The other men on first watch went to their stations at the observation deck or the con, and the night crew of engineers went aft to spell the men in the engine room. Edouard walked with them, as he always did, and they ignored him, as they always did. They, too, had their reasons for serving on the Flèche; better not to ask what debts a fellow crewman was repaying beneath the waves.
They’d been submerged for three days now, and the air was thick and hot and stale. The engine room hummed faintly. Behind their tight steel cages, the electric lights gleamed white and steady.
An assistant engineer on dog watch gave Edouard a worried look, and he raised his chin at the pity in it. “Go to your bunk, Valancourt,” he said. If he didn’t have the rank to enforce the order, neither did Valancourt have the will to stay. The crew knew why he passed through the engine room to the captain’s cabin night after night. If they didn’t, it was only willful ignorance.
He ducked his head and slid through the aft portal sideways, like a long-limbed crab. Stork, Ruiz had called him back in la Légion, when they’d all been looking for new names. All long legs. For a moment, Edouard stood in the narrow passage between the officers’ quarters and the engine room, remembering the way the sun had beat down on his brow inAlgeria and the way Ruiz had laughed. He passed the alcove where the officers bunked, and rapped on the door of the captain’s cabin.
“Come in,” said a voice from inside—inside the cabin, or inside his own head, he’d never been able to say. It made his ears ache; it made his blood heat and his heart thrum in time with the engines until he thought his skin would burst.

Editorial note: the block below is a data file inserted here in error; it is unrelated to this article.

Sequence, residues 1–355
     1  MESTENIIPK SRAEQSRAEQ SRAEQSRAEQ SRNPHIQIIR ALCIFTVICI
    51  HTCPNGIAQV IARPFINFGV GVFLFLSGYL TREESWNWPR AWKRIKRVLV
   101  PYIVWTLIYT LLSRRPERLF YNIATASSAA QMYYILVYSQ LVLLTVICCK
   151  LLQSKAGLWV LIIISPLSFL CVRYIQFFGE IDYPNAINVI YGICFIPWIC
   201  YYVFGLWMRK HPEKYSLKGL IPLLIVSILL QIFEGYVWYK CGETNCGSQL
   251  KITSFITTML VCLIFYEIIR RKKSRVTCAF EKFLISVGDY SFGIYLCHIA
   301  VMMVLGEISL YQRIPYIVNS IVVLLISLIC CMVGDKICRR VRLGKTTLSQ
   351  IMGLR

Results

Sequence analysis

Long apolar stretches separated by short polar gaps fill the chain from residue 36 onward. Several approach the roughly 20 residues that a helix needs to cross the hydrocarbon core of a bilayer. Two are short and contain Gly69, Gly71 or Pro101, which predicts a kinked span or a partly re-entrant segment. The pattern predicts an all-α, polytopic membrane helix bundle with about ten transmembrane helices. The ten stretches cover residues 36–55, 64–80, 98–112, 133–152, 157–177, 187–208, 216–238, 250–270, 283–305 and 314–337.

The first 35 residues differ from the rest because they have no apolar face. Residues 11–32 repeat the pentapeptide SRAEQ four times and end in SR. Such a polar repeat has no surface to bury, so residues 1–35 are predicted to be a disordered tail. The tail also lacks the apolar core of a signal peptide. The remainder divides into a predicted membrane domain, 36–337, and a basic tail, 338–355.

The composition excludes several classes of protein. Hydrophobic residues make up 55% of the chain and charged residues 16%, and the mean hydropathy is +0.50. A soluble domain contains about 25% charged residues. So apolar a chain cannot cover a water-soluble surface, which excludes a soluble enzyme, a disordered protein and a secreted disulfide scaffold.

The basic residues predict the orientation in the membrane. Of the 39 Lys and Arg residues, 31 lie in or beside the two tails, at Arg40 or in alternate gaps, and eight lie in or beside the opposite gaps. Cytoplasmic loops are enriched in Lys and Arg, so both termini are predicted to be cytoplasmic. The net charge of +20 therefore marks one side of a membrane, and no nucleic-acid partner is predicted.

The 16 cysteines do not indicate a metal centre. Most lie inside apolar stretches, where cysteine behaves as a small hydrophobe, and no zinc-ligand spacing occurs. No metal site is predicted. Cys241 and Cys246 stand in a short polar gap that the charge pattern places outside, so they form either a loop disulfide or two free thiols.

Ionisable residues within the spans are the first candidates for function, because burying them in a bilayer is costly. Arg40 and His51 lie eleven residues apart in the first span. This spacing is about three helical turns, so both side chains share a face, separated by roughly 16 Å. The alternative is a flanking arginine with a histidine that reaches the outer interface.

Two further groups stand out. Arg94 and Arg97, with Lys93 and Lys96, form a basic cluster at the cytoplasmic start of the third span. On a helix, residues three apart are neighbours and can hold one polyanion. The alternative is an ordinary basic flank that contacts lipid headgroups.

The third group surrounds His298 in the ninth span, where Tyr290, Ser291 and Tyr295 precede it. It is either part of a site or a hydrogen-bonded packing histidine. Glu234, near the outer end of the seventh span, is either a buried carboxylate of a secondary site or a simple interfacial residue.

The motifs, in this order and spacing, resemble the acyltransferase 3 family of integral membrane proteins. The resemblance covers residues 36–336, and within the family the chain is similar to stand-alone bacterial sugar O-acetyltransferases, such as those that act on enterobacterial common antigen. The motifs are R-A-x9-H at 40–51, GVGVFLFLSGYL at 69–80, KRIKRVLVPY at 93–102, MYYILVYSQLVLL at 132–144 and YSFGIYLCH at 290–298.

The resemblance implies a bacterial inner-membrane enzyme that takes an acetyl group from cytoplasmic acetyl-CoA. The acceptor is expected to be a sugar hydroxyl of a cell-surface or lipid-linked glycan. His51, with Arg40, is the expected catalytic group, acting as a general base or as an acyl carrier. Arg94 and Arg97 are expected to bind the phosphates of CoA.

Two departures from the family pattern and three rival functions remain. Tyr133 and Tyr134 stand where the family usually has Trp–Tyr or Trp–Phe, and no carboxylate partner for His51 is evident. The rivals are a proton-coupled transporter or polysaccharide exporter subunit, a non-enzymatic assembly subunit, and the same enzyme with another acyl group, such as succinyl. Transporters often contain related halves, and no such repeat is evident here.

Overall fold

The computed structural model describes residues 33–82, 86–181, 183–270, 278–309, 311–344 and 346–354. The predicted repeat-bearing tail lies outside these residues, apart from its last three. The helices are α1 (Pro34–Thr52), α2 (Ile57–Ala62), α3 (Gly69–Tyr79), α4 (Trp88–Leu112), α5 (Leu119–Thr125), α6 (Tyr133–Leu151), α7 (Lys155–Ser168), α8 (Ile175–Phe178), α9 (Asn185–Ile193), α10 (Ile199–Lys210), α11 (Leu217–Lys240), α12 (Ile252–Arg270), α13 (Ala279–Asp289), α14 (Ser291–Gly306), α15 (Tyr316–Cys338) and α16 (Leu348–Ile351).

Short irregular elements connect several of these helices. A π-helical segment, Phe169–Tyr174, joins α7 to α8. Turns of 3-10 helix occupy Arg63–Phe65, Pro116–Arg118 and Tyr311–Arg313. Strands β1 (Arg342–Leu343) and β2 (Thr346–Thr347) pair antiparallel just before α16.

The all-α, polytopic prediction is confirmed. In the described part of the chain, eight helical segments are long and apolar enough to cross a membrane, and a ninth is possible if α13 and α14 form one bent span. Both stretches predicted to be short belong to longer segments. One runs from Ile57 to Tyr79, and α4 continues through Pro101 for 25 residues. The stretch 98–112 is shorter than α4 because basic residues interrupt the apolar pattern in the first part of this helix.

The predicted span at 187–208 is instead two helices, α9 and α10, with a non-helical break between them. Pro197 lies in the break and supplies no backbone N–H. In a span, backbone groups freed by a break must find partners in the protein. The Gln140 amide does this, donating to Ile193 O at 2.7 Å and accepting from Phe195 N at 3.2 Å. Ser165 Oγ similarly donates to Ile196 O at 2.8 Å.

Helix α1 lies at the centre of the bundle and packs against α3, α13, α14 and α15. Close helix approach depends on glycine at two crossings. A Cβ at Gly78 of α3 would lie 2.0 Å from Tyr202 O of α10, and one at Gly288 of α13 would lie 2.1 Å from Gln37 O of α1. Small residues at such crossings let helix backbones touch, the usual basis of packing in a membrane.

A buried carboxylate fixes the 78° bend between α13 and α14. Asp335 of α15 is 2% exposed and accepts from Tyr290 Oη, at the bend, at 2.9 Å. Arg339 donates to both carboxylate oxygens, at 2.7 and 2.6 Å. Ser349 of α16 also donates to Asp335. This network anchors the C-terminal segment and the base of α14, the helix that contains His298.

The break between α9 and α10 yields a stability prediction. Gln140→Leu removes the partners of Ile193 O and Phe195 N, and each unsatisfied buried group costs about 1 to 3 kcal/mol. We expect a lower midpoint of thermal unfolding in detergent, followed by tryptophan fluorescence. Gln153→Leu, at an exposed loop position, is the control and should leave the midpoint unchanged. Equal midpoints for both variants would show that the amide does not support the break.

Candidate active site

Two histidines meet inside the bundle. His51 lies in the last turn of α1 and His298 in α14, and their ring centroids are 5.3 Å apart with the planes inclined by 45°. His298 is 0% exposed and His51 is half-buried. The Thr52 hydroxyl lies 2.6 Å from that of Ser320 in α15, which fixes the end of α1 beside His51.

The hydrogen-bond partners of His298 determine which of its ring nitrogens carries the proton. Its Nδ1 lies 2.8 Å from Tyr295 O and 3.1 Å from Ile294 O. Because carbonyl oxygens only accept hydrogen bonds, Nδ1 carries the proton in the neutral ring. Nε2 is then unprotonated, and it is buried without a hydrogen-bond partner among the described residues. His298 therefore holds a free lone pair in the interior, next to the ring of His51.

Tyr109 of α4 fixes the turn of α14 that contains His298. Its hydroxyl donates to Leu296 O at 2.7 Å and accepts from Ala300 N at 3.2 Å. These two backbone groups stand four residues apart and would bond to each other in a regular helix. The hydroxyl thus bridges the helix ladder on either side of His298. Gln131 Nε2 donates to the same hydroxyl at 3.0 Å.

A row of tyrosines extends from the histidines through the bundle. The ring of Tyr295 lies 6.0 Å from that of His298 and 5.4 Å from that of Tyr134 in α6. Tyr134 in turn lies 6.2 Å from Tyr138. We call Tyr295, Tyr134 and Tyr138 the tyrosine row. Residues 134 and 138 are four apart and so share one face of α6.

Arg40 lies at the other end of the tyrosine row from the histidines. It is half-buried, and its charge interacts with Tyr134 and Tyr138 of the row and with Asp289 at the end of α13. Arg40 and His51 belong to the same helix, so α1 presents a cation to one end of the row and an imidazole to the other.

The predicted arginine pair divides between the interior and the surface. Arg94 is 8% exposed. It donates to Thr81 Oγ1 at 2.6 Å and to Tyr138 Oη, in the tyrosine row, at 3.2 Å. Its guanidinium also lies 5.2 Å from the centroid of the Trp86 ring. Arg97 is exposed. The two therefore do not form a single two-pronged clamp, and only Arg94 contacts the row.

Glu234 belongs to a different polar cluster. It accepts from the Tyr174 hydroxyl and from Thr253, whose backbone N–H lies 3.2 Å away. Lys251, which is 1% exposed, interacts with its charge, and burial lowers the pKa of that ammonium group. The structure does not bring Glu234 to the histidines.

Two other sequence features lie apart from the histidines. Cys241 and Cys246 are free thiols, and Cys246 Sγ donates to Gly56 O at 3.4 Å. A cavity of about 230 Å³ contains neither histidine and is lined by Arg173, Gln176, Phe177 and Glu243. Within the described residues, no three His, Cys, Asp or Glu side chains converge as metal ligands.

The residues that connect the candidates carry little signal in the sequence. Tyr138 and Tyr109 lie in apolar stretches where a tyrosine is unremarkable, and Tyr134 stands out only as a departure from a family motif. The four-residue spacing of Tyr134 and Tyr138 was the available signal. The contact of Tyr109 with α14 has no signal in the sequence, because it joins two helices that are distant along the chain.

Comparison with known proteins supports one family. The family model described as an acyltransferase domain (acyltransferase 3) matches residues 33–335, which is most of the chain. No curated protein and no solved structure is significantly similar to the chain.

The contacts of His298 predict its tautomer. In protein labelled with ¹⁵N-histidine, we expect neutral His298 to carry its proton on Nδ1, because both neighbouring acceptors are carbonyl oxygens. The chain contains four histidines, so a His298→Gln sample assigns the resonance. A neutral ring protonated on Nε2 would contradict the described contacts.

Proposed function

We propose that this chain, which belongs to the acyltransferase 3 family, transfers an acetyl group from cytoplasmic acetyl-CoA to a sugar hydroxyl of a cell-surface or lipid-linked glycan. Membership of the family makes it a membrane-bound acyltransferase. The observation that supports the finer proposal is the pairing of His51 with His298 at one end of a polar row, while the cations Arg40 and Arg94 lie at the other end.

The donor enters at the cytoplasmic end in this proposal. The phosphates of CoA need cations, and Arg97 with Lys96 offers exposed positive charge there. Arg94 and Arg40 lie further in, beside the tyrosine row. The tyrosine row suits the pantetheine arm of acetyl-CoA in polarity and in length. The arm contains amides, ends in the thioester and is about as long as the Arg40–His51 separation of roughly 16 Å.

He turned the handle and swung the door open, then shut it behind him. Closed away the light of the engine room, and closed himself into the darkness.
“Sir,” he said, and swallowed against the constriction of his collar. “Reporting for duty.”
“Good,” said the captain, and a limb like a wet cable fell cool and slick upon Edouard’s wrist. His lips found Edouard’s throat, sharp teeth catching there as he undid those carefully-closed shirt buttons.
A second mouth brushed over Edouard’s ribs, tongue wet with a viscous fluid that chilled his skin. A third latched at his hip, needle-teeth scraping, seizing. “Very good,” said the captain, against his throat and chest and hip, as his boneless fingers wrapped slowly over Edouard’s cock and coaxed it hard. Edouard’s skin crawled, but he willed himself still.
Two of those hungry mouths smiled, and the third whispered, “Then let us begin.”
Thank you to Peter for that very interesting post and attention grabbing except! You can find Peter at the following places:
Email address: email@example.com
Website URL: http://peterhansenfiction.weebly.com/
Twitter: P_HansenWrites ( http://twitter.com/P_HansenWrites )
Goodreads Page: http://www.goodreads.com/peterhansen
Don’t forget that with all the Riptide reviews and guest posts there’s a chance to win! Leave a comment for Peter today and you can win your choice any one backlist book from Rachel Haimowitz, Aleksandr Voinov, L.A. Witt, Brita Addams, or Cat Grant (excludes new Riptide releases). Good luck!